3. The moulding composition of claim 1 consisting essentially of 30 to 50 parts by weight of each of (a), (b) and (c).

Patent Citations
Cited PatentFiling datePublication dateApplicantTitle
US3130177 *Mar 24, 1961Apr 21, 1964Borg WarnerBlends of polycarbonates with polybutadiene, styrene, acrylonitrile graft copolymers
US3239582 *Apr 13, 1962Mar 8, 1966Dow Chemical CoBlend of polycarbonate resin and alkenylaromatic resin
US3305605 *Feb 4, 1964Feb 21, 1967Union Carbide CorpCompositions containing polycarbonate plasticizers
US3663471 *Jan 2, 1970May 16, 1972Bayer AgThermoplastic molding compositions and moldings of polycarbonates admixed with a graft copolymer
Referenced by
Citing PatentFiling datePublication dateApplicantTitle
US4105711 *Oct 28, 1975Aug 8, 1978Bayer AktiengesellschaftPolycarbonates
US4122130 *May 6, 1977Oct 24, 1978Arco Polymers Inc.Moldable blend of polycarbonate and terpolymer of rubber styrene-maleimide
US4122131 *Sep 14, 1977Oct 24, 1978General Electric CompanyPolyblend composition comprising aromatic polycarbonate, polyolefin, selectively hydrogenated block copolymer and olefinic copolymer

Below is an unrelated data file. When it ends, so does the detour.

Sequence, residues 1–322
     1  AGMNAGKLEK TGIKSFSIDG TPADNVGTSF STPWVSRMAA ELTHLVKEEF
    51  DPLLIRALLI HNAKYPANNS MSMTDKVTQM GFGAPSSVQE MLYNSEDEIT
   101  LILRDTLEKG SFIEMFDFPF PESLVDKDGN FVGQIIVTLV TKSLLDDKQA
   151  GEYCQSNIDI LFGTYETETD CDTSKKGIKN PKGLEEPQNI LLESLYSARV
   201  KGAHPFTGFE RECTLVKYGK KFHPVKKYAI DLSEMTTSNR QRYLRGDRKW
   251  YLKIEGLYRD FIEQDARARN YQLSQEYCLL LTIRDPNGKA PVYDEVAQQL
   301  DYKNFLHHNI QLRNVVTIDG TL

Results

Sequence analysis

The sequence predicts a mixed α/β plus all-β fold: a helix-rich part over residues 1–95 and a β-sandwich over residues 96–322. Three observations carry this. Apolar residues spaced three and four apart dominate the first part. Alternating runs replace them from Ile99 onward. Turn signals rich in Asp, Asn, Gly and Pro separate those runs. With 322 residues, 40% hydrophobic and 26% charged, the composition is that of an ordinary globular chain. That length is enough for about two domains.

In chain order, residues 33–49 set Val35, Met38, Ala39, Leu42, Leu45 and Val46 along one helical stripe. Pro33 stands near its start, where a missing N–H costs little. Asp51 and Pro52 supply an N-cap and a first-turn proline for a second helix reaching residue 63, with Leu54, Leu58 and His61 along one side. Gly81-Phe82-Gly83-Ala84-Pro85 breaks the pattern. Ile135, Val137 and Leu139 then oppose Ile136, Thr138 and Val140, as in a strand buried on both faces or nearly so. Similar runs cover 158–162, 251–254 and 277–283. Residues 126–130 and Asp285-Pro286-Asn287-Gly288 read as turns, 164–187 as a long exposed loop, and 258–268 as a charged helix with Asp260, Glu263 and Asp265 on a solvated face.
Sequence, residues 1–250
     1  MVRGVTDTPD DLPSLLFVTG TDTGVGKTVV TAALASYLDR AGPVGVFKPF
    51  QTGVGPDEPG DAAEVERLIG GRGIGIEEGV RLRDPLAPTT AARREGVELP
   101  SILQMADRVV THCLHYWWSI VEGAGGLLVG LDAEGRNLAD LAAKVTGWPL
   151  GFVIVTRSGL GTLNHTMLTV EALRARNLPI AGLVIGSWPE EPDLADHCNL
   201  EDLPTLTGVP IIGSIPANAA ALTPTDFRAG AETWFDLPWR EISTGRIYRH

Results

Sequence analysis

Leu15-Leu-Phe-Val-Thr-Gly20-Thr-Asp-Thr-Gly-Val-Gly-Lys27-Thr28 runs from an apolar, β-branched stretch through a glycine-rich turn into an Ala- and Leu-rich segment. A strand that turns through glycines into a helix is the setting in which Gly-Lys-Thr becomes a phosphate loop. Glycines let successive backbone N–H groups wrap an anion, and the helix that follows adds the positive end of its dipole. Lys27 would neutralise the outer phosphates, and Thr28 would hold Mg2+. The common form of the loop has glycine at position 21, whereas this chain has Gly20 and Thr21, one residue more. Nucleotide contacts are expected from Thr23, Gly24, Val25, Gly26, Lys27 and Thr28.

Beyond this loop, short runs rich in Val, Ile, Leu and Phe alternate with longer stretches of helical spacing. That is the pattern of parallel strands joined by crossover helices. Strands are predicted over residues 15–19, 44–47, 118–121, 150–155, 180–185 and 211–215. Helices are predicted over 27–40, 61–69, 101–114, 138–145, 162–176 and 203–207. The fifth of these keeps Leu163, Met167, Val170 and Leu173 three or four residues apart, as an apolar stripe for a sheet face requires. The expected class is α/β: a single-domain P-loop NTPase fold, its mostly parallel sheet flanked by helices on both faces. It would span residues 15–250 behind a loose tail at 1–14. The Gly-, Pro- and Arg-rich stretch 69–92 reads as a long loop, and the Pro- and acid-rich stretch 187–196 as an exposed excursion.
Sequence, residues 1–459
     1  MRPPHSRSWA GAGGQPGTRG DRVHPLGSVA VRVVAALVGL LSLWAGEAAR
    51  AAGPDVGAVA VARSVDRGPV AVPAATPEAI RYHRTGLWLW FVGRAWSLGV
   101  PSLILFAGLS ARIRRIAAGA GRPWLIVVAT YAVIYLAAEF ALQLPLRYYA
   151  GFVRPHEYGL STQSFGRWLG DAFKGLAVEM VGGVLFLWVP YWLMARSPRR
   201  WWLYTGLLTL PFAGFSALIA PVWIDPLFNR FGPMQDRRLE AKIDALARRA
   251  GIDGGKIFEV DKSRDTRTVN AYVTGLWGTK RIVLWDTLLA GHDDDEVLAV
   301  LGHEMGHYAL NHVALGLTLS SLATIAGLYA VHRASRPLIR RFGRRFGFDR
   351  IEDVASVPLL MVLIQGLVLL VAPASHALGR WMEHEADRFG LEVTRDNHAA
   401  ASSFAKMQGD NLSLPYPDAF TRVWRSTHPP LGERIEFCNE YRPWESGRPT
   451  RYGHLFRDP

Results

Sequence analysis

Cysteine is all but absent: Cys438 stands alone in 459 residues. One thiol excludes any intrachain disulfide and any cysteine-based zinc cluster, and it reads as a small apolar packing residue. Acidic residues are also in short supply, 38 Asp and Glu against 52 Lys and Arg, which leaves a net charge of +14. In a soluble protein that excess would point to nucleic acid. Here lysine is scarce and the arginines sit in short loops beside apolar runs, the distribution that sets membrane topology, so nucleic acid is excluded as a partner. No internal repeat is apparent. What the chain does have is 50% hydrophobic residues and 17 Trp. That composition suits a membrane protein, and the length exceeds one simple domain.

US4145373 *Feb 9, 1976Mar 20, 1979Mobay Chemical CorporationMixture with ethylene-vinyl acetate copolymer, nonhydrolyzing
US4205141 *Nov 18, 1977May 27, 1980Bayer AktiengesellschaftBlend of polycarbonate with a copolymer of styrene or methyl methacrylate, an acrylonitrile, and maleic anhydride
US4218544 *May 3, 1979Aug 19, 1980The Dow Chemical CompanyBlends of polycarbonate with rubber and monovinylidene aromatic copolymers
US4311806 *Mar 17, 1981Jan 19, 1982Monsanto CompanyPolyvinyl chloride
US4329272 *Mar 17, 1981May 11, 1982Monsanto CompanyPolyvinyl chloride, graft polymers
US4504623 *Dec 9, 1983Mar 12, 1985General Electric CompanyProcess of preparing a polymer mixture comprising polyvinyl chloride, a polycarbonate and a rubber like polymer